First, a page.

Every year dozens of people go missing from cruise ships across the globe. Most of their stories will never make it onto the evening news, and even those that do usually only command the public’s attention for a day or so.
The lack of news coverage, and hence public outrage, may be one of the reasons that more ships are not currently implementing “man overboard” technology, which is actually mandated by the Cruise Vessel Security and Safety Act (CVSSA) of 2010.
According to the CVSSA cruise lines are to implement integrated technology which can be used to detect and capture images of passengers who have fallen overboard. Certainly, the technology exists. And the cost of deploying such safety measures is surely well within the companies’ abilities to pay. So, why haven’t they installed these potentially lifesaving technologies en masse?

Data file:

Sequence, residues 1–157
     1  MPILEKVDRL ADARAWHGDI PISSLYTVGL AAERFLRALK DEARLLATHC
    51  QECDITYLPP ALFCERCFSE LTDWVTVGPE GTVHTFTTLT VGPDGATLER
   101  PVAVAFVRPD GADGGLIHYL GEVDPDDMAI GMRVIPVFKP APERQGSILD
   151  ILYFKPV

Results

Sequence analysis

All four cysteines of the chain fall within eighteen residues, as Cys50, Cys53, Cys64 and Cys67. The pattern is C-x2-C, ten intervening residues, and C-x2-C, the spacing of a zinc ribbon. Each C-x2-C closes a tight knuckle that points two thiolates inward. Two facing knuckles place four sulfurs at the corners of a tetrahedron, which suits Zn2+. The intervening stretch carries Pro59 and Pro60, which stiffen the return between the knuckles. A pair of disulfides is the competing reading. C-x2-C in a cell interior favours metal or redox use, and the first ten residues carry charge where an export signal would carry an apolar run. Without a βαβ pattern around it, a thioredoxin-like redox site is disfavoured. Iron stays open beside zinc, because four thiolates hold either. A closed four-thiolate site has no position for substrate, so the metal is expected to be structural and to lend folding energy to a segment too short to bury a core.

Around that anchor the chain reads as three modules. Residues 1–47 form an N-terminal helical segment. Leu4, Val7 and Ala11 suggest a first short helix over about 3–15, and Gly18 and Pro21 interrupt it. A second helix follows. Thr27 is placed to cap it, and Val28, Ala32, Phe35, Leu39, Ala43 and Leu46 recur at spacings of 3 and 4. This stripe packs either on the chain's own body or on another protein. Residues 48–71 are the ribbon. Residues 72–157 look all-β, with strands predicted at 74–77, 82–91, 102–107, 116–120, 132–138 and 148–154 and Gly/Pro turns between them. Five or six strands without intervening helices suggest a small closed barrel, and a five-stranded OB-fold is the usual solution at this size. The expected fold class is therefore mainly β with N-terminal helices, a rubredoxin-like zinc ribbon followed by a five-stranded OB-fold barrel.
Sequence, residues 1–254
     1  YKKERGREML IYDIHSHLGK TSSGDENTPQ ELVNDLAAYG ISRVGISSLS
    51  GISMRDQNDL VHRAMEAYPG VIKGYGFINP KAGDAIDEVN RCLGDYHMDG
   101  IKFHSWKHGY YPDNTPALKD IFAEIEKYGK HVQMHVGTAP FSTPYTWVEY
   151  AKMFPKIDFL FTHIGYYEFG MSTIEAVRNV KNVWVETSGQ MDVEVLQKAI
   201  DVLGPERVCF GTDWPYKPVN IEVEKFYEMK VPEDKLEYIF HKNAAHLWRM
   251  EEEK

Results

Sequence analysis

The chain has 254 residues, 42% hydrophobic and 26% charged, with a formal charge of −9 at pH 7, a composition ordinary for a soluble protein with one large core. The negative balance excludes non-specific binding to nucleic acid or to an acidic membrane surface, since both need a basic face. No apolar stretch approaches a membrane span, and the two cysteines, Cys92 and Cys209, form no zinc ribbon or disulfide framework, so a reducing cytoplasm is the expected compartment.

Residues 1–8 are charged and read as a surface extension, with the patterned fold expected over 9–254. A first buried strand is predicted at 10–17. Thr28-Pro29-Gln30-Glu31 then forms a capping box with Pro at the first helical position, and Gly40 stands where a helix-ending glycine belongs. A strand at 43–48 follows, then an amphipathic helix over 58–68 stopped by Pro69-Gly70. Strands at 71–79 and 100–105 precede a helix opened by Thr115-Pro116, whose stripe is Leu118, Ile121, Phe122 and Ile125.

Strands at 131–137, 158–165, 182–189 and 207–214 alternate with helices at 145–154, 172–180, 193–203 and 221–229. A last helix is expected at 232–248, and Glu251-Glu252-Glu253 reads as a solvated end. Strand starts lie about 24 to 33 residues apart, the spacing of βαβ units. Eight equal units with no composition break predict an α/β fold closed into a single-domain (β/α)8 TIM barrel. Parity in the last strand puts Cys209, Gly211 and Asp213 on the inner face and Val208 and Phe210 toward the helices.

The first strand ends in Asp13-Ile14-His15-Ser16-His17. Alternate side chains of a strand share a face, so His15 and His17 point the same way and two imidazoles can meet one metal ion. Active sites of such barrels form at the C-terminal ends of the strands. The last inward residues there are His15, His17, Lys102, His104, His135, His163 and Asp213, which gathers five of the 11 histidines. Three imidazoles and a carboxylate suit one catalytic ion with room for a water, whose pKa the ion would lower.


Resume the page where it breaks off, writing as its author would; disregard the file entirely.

Any time a question arises with relation to why a cruise line refuses to put passenger safety first, the answer would seem to be profit. But the truth is that the companies are also likely victims of bureaucracy and inertia. For example, despite a rash of recent drownings and near drowning of children in cruise ship swimming pools, most companies have continued to refuse to hire life guards. With the sub-minimum wage salaries that most cruise ship crew are paid, it would pose very little financial burden on the cruise line to staff the pools with lifeguards.
It seems that the best chance the cruising public has to get the cruise lines to step up and put safety first is to demand that they do so. Until the public becomes more aware of the current situation, and begins to speak up, the cruise companies will likely continue with business as usual.